The Seattle Times, winner of nine Pulitzer Prizes, focused today on the Diplomas Now partnership with two middle schools in Seattle. We are proud to be a part of these success stories.
EDUCATION LAB: Missing just a few days of class in sixth grade can predict whether you’ll graduate from high school. That research powers a national anti-dropout effort that’s making a difference at Seattle’s Aki Kurose and Denny International middle schools. Read more…
If you’re a student at Denny International Middle School in West Seattle, a lively scene of chanting and singing welcomes you as you arrive for class each morning. The routine is just the beginning of the many duties that the school’s City Year corps members perform during the day.
Denny is one of two schools in Seattle participating in the anti-dropout Diplomas Now program, and City Year youth – who call themselves “near peers” – are an important part if it. They target kids who are frequently late to class (or don’t show up at all), knowing that sixth graders who miss 20 percent of school – 18 days in Seattle – have no better than a 20 percent chance of graduating high school on time.
Check out the video at the Seattle Times to find out more about Diplomas Now and see the City Year corps members in action.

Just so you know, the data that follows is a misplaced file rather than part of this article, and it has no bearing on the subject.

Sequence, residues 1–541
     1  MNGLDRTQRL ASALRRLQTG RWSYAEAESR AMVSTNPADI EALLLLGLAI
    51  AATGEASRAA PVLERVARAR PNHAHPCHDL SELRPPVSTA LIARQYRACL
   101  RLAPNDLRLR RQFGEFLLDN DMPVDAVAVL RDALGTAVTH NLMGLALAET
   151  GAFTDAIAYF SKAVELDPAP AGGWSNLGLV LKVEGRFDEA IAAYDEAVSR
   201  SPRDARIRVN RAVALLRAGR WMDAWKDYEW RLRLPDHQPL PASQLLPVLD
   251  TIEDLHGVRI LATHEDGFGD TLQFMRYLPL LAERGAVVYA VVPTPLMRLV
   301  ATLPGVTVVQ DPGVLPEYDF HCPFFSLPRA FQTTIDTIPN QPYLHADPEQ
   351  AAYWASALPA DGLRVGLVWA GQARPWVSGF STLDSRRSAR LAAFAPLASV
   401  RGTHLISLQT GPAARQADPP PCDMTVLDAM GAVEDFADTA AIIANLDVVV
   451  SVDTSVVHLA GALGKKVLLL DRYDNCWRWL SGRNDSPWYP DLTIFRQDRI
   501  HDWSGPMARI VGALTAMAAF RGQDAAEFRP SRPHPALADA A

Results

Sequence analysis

James Dixon and Becka Gross are two of the red-vested City Year mentors who work at Denny International Middle School in West Seattle. Here, the two AmeriCorps members, featured in the Seattle Times story about the importance of attendance, answer questions from reporter Claudia Rowe about their work at Denny and their own middle-school experiences. Read more…
Our own Dr. Robert Balfanz is a guest contributor at the Seattle Times today:
Nationwide, 5 million to 7.5 million students are chronically absent each year. In Seattle, this amounts to missing at least 18 days — or about a month’s worth of school.
All too often, no one notices or even cares if these kids don’t show up.
Our research at Johns Hopkins University shows that chronic absence is a strong predictor of who will eventually drop out of school. And the problem starts early. One study estimated that one in 10 of the nation’s kindergarten and first-grade students were chronically absent. Read more…